Tabular vs Function Methods
In reinforcement learning, there are a few methods that are called tabular methods because they track a table of the (input, output) of the value functions
 Dynamic Programming
 Policy Iteration
 Value iteration
 Generalized policy iteration (GPI)
 Monte Carlo Method
 Temporal Difference
 Qlearning (Offpolicy TD)
 Sarsa (Onpolicy TD)
However when the state space is enormous that it cannot be tracked in a table. We can use parameterized functions to approximate these value functions.
 Weight representation is more compact than enumerating all values
 Note that when a weight changes, it can affect multiple outputs (this is similar to supervisedlearning)
Linear value function approximation
 The value is approximated using a linear combination of the features
 There are some limitation of expressiveness of linear functions but we can be more creative in making new features
 Tabular value functions are a special case of linear functions
 Use one weight for each state
Nonlinear value function approximation
 Neural network is an example
Generalization and Discrimination
 Generalization: update to value of one state affect value of other states
 Able to recognize some states are similar to treat them similarly (update both)
 Extreme generalization: aggregate all state and predict the average
 Discrimination: ability to make value of two states different
 Tabular methods have high discrimination since it treat each state independently
 Need to find a way to balance the two and make tradeoff
Estimate Value Functions as Supervised Learning
 Can we estimate the value functions as a supervised learning problem?
 Supervisedlearning
 Target is fixed. RL has nonstationary target:
 The environment/policy is not stationary
 In GPI, we lean the policy and valuefunction. The target values are nonstationary because of bootstrap.
 Training examples are batched (not online, temporally correlated)
 Target is fixed. RL has nonstationary target:
 MonteCarlo method can be framed like supervised learning
 One (state S, return G) mapping for each episode
 Learn a value function of a given policy
 Why MC is not supervised learning?
 Because MC is temporally correlated
 TD can be framed like supervised learning but additional completely than MC
 Also have (state S, return G) mapping
 But return G depends on w (target is not fixed)
Value Error Objective
 We want to measure the error between value function approximation and the true value function
 It needs to be weighted different across the statespace using mu(s)
 mu(s) is often the time spent in state s, known as onpolicy distribution
 stationary in continuing tasks
 in episodic tasks, mu(s) can depend on the initial state
 mu(s) can be defined as the time spent in each state following the policy pi
 We would like to minimize this value error function by adjusting the weights w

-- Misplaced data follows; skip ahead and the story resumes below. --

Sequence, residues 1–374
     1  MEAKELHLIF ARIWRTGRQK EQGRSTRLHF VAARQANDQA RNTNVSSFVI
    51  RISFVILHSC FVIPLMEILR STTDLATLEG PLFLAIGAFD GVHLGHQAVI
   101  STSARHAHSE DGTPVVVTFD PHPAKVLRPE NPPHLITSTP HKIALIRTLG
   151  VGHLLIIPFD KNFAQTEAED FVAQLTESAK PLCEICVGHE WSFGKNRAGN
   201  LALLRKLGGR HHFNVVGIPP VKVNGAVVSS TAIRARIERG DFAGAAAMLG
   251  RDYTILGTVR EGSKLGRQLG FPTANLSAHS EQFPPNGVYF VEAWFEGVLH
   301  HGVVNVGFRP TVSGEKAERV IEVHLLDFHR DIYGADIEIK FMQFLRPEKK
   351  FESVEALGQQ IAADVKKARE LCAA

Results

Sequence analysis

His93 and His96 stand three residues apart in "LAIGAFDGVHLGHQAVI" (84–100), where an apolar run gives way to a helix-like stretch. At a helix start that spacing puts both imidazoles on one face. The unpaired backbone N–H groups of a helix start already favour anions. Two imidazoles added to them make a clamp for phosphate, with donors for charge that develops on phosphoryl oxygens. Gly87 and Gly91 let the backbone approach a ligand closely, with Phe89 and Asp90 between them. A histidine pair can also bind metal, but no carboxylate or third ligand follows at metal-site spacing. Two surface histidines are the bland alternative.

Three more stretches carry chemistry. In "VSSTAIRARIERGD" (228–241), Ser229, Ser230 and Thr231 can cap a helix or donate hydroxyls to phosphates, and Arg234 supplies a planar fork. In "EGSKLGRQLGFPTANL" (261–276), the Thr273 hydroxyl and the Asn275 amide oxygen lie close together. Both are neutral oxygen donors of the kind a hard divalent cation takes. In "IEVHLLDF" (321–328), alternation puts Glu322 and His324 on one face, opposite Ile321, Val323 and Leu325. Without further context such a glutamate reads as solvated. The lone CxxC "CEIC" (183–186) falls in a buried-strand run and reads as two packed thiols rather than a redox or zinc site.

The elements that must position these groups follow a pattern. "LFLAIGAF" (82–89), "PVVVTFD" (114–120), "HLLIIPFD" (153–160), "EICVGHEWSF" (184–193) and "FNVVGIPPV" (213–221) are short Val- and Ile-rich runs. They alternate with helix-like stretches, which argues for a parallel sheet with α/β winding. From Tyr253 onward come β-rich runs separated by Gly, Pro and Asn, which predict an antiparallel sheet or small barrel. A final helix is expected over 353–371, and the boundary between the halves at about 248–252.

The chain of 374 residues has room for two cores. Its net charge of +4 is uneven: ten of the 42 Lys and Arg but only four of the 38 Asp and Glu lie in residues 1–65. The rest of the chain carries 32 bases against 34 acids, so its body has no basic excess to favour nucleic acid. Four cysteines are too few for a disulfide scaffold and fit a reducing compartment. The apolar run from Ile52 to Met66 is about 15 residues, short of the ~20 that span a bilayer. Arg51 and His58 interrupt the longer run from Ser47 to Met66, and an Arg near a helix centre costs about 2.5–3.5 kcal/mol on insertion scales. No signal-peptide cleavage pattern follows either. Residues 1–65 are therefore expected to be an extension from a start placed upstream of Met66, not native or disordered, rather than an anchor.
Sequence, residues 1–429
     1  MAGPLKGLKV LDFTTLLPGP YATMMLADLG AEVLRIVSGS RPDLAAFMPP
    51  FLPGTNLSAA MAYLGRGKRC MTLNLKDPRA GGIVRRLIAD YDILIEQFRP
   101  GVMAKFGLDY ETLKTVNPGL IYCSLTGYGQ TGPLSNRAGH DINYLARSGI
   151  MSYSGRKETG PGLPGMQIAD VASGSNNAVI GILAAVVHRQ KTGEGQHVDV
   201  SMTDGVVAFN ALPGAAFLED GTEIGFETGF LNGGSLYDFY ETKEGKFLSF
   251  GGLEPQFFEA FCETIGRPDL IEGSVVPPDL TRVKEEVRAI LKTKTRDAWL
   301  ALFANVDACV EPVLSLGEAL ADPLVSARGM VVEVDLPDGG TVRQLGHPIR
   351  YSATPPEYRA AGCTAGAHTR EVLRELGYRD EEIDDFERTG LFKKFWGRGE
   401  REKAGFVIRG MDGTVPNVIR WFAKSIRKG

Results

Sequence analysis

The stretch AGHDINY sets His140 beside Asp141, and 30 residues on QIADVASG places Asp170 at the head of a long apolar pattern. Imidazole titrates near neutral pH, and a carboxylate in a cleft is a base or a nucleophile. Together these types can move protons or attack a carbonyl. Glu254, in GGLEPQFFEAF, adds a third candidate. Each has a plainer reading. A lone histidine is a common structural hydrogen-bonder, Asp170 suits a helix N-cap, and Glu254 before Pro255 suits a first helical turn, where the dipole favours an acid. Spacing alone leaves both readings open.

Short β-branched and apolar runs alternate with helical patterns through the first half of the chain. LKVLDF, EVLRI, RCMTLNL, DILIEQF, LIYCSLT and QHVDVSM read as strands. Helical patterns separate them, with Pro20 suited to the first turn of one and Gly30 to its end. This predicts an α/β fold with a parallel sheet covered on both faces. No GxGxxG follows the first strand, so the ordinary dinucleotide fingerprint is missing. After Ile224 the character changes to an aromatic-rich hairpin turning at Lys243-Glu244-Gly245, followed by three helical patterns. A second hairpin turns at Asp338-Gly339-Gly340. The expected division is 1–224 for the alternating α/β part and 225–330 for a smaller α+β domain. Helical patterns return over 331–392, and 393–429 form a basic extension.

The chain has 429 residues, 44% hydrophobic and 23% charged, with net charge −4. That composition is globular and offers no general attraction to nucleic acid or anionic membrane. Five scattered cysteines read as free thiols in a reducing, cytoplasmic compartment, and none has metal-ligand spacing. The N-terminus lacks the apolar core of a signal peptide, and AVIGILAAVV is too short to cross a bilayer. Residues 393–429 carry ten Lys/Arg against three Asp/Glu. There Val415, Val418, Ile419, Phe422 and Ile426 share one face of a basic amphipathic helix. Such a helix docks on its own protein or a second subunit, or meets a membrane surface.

Can use gradient descent
 The gradient descent step is followed with Ut replacing v_pi(s) because we are using Ut as an estimate of v_pi because we don’t have true v_pi

 If Ut is unbiased, then expected of Ut is v_pi, then we are guaranteed to converge.
 For linear value function approximation, the gradient is just the feature (each weight corresponds to a feature)
 Even the function that minimizes the error does not mean it’s the true value function
 Reason is that the function might not correspond to the true value function (limited by the choice of function parameterization and choice of objective/features/functional form)
Gradient Monte for Policy Evaluation
 Gradient is quite easy to calculate when the approximation function is linear
 Summing over all states is usually not possible, also hard to know the distribution mu(s)
 We can make small update each time over the sequence of (state, value) following a policy pi
 Each step is an update (a form of stochastic gradient descent)
 Since we don’t have v_pi(s), we can use the sampled return G given state s (G is unbiased estimate of v_pi(s))
 State Aggregation
 when we update the statevalue for one state, the statevalue for all the states in the same group is updated
 it’s a form of linear approximation (the group onehot variable is the feature)
 Example of a random that takes 100 steps to the left or right of [0, 1000] range. The states are aggregated into 10 states from 1000 states.
Semigradient TD(0) – biased target
 Replace the return estimate with a biased estimate that depends on w (bootstrapping estimate of vi_pi(s))
 It’s not guaranteed to converge because the bootstrapping estimate produces part of a gradient (but something extra depending on w). It’s called semigradient methods.
 However,
 it usually converge quicker because variance is lower
 it also enables continual and online learning
In the same 1000state random walk example,
 TD gradient update is biased
 TD runs faster than MC
 Earlier learning is usually more important in practice than long term performance
Linear methods approximation (linear TD)
 Linear in the weights
 x(s) is called a feature vector for state s
 For linear methods, features are basis functions
Update at each time step is
where x_t is just shorthand for x(S_t)
At steady state,
where
The weights must converge to satisfy where w_TD is called TD fixed point.
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